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BELT SANDER
Intro
Belt Sander Setup & Features
Abrasive Belts
Belt Sander Safety
Belt Sander Speeds
Surface Sanding
Sanding Large Stock
Edge Sanding
End Grain Sanding
Vertical Belt Sanding
Sanding Miters and Bevels
Sanding Chamfers
Sanding Convex and Concave Curves
Sanding Compound Curves and Odd Shapes
Helpful Wood Sanding Hints

Tip #35
Belt Sander

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The belt sander is extremely useful for doing many different sanding jobs. It will produce a smooth surface on a board in less time and with less work than hand sanding.

The belt sander also offers an important advantage over disc sanders: The abrasive belt travels in one direction only, leaving no swirl marks. With a belt sander, you can sand parallel to the grain of the wood. This will produce a smooth finish free of scratches and tiny blemishes.

In addition, the belt sander has capabilities which permit you to sand end, miter, and bevel cuts quickly and accurately, sand convex and concave shapes, “round over” the edges and the ends of workpieces, and create compound curves in wood. You can also use the belt sander to sharpen tools.

The belt sander works by driving a continuous abrasive belt over two drums: a drive drum and an idler drum. The drive drum is covered by a nonslip rubber sleeve and drives the belt continuously in one direction. The idler drum is spring loaded to automatically tension the belt. The tension knob on the left side of this drum releases a torsion spring that presses the drum forward to tension the belt. The tracking knob (behind the tension knob on the left side of the belt sander) changes the angle of the idler drum in relation to the drive drum. This, in turn, centers the abrasive belt on the backup plate. Since the abrasive belt moves in a straight line, the machine is particularly suitable for sanding parallel to the wood grain. In some particular instances, especially when a lot of material must be removed, crossgrain or diagonal sanding techniques may be used.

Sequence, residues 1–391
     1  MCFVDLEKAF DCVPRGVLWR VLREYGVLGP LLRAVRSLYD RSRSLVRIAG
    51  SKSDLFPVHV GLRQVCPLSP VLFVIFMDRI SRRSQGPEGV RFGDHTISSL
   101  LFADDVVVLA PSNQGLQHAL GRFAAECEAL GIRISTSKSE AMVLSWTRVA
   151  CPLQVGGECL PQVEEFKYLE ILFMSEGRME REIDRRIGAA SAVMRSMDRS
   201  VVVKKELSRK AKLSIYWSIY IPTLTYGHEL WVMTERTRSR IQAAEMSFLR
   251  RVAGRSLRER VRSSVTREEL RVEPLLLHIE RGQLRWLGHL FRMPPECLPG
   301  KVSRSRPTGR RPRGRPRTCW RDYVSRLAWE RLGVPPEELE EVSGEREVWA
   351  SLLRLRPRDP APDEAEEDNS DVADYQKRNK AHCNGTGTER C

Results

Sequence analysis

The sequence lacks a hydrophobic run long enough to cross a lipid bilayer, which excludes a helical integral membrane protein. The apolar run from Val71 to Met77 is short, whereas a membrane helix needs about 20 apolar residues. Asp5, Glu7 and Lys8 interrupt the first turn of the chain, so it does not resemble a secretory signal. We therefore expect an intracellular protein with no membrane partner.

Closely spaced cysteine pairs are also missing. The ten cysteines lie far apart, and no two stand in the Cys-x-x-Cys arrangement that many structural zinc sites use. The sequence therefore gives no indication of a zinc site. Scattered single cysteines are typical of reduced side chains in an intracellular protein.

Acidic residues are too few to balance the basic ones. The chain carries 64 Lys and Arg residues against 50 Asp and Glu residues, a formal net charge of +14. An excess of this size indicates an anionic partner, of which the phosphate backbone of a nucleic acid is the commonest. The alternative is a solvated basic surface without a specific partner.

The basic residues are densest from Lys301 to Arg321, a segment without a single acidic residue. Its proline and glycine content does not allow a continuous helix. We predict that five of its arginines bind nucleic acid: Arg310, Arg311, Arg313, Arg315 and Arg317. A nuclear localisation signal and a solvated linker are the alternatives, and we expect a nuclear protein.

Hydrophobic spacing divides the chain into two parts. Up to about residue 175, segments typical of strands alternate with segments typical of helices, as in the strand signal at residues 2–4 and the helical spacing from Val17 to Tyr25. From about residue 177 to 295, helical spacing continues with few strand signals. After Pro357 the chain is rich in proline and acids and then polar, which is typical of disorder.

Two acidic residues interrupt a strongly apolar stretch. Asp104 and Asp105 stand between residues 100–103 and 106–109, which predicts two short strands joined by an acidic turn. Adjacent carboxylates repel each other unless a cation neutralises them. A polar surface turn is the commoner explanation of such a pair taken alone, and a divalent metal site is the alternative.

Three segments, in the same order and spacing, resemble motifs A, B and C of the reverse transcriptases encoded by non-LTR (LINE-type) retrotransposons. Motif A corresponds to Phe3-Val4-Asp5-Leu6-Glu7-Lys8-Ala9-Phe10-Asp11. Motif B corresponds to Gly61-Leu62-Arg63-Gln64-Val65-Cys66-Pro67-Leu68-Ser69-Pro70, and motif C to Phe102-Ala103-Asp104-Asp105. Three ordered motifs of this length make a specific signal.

The belt width doesn't limit how wide stock must be in order to be sanded. Repeat passes and special procedures permit smoothing materials that are wider than the belt itself..

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